Ohio Governor and former U.S. Congressman John Kasich entered the race for the Republican nomination for president on July 12. Find out where he stands on immigration reform, ISIS, the minimum wage and gay marriage. (Natalie Fertig and Brittany Peterson/McClatchy)
Where does John Kasich stand?
Get up to speed on the unfolding Trump-Comey saga
Seattle Space Needle goes dark for Chris Cornell
Pot sales in Indian Country
Mr. Estes Goes to Washington
White House officials ‘don’t know’ if Michael Flynn broke law
Central Valley Honor Flight
Marijuana "smoke-in" protest ends in four arrests
President Trump and First Lady kick off White House Easter Egg Roll
President Trump addresses U.S. military strike on Syria
Trump surprised with Trump-inspired gift during health care listening session
President Trump surprises White House visitors as tours resume
Attorney General Jeff Sessions recuses himself from Russia probe
Then-FBI Director James Comey announced on March 20 that the FBI was investigating possible collusion between the Trump campaign and Russian agents. On May 9, President Trump fired the FBI director, igniting an outcry that grew from just Democrats to include some Republican lawmakers as well.
Rep. Ron Estes, R-Kansas, is surrounded by his wife, mother and children as House Speaker Paul Ryan administers the 'fake' oath of office to the new congressman. Minutes later, they would do it again for real on the House floor as Estes' family looked down from the gallery.
Jim Peters, a Squaxin Island Tribe councilman, is happy that his tribe in Washington state is the first in the nation to run a marijuana store. But he and other tribal officials worry that the Trump administration may put an end to all pot sales by states and tribes. Video taken on April 25, 2017.
Senior lawmakers on the House Oversight Committee said former national security adviser Michael Flynn may have violated the law when he took payments from groups associated with foreign governments. White House Press Secretary Sean Spicer said during Tuesday’s press briefing that he didn’t know if Flynn broke any laws.
From Mar-a-Lago, President Donald Trump made a statement on the decision to launch cruise missiles at a Syrian airfield Thursday evening. The launch was in response to a chemical weapons attack it blames on President Bashar al-Assad.
President Trump led a listening session on health care on Monday morning, listening to the stories of several participants. One participant started by reading a note from his 11-year-old son who wanted him to give the Trump-inspired note to the president.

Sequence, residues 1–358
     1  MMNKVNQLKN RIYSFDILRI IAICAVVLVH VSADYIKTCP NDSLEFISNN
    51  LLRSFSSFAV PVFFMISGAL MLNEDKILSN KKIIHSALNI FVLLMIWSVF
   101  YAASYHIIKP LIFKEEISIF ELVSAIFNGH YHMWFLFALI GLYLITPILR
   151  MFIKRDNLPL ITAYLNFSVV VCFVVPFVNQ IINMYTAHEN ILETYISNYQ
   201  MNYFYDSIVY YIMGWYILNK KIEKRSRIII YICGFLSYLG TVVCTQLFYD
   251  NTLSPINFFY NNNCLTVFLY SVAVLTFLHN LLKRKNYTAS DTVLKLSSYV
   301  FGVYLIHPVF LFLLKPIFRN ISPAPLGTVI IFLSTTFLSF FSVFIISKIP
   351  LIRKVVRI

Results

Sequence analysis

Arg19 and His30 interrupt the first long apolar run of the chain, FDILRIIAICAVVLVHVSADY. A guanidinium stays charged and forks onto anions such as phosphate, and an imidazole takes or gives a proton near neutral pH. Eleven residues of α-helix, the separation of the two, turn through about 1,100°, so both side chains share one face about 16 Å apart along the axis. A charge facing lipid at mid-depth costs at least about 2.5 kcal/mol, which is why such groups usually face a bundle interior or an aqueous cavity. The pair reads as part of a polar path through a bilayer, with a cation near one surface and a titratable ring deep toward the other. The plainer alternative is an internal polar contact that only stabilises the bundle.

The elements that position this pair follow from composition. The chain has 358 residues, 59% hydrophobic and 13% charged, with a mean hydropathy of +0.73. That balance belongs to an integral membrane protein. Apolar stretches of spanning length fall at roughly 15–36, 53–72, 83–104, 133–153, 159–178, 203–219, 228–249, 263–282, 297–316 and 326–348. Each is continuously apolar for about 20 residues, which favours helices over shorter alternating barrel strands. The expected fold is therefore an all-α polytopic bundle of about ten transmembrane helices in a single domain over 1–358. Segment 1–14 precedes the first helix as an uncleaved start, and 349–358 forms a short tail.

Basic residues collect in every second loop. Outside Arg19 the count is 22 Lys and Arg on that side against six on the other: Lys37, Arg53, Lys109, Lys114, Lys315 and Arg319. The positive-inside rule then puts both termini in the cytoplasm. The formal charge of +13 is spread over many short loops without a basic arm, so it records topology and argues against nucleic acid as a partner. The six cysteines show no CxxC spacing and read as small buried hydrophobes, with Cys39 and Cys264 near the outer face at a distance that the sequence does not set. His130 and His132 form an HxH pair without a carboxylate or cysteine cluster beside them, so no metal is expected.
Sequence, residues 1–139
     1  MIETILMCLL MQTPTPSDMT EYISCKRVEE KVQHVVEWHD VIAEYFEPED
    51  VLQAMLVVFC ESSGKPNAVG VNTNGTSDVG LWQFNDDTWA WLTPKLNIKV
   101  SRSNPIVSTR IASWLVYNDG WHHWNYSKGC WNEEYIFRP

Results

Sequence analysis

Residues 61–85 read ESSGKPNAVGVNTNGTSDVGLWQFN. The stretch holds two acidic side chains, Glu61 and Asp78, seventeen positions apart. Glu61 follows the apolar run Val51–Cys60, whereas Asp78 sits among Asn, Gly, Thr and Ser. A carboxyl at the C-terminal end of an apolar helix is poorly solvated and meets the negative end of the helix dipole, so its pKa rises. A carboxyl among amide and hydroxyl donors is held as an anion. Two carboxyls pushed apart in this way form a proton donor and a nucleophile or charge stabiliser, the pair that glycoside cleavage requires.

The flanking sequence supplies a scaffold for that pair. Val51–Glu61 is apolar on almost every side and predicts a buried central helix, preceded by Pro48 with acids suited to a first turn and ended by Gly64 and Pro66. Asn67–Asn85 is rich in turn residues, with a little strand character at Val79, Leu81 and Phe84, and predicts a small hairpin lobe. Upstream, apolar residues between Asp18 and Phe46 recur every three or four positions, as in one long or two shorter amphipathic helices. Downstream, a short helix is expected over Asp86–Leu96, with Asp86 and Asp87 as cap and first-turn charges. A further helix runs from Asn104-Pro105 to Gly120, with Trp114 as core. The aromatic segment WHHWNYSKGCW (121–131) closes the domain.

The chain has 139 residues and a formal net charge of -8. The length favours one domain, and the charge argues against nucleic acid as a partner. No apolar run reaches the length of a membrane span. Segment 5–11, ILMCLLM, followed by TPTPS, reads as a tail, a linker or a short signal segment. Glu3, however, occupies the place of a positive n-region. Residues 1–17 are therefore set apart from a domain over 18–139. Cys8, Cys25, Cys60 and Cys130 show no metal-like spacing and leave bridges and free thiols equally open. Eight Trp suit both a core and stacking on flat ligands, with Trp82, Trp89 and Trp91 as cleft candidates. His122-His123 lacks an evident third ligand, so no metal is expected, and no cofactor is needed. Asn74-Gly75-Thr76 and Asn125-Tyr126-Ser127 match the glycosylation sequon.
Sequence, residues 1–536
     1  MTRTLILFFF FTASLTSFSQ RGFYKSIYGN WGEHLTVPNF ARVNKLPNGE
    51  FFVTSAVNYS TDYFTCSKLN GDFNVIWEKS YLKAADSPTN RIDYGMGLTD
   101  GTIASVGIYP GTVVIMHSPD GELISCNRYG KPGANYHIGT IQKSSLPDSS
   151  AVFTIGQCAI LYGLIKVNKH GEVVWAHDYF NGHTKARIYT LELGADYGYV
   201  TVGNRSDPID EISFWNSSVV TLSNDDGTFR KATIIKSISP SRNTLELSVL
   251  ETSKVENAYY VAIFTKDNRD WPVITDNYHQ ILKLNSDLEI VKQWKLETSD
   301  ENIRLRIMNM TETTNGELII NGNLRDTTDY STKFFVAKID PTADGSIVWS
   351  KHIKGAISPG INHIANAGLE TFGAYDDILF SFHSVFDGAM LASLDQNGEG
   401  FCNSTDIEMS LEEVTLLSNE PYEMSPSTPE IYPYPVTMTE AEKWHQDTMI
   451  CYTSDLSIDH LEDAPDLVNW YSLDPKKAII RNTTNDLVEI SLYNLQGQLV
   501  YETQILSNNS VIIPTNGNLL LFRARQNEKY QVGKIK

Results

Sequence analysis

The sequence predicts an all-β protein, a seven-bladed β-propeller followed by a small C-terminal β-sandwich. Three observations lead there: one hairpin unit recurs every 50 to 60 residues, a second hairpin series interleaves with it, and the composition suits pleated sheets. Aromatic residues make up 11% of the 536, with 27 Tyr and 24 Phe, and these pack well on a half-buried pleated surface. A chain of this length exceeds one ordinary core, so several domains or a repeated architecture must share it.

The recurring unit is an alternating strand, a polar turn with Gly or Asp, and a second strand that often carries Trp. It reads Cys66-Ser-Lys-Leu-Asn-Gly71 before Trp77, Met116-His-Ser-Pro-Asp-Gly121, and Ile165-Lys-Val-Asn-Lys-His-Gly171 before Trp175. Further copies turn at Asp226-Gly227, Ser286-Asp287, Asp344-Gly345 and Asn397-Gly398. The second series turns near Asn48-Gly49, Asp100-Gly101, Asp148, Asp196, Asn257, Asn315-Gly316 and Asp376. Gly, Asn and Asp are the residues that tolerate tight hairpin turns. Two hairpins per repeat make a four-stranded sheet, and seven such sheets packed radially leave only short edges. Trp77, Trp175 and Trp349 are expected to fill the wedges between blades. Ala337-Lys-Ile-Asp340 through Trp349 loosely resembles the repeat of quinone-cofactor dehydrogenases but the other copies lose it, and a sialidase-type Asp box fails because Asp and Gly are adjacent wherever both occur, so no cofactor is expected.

President Donald Trump surprised a group of visitors Tuesday morning on the first day the White House was open for tours since he became president. The president welcomed a small crowd of tourists on the lower floor of the East Wing, waving from behind a velvet rope as the crowd screamed, cheered and took photos. The president then pulled 10-year-old Jack Cornish from Birmingham, Alabama from the crowd and hugged him.
Amid growing controversy, Attorney General Jeff Sessions recused himself on Tuesday from any investigations into Russian interference in the 2016 presidential election. This after The Washington Post revealed that contrary to testimony he gave to the Senate Judiciary Committee in January, he had met with the Russian Ambassador to the United States last September.
Former Kentucky Governor Steve Beshear delivered the democrat's response to President Donald Trump's joint address to Congress Tuesday night. "When the president attacks the loyalty and credibility of our intelligence agencies, the court system, the military, the free press and individual Americans – simply because he doesn’t like what they say – he is eroding our democracy. And that’s reckless," Beshear said.
Senate Majority Leader Mitch McConnell was interrupted by a protester while speaking to members of the Northern Kentucky and Cincinnati chambers of commerce during a luncheon in Covington, Kentucky. After the protester was removed, McConnell can be heard saying, "I see we're having multiple speakers today."
President Donald Trump said during a White House news conference on Thursday that he "had nothing to do with Russia" during the campaign. He initially did not provide a straight answer whether or not anyone on his staff had made contacts, but when pressed by reporters, he later said he wasn't aware of any.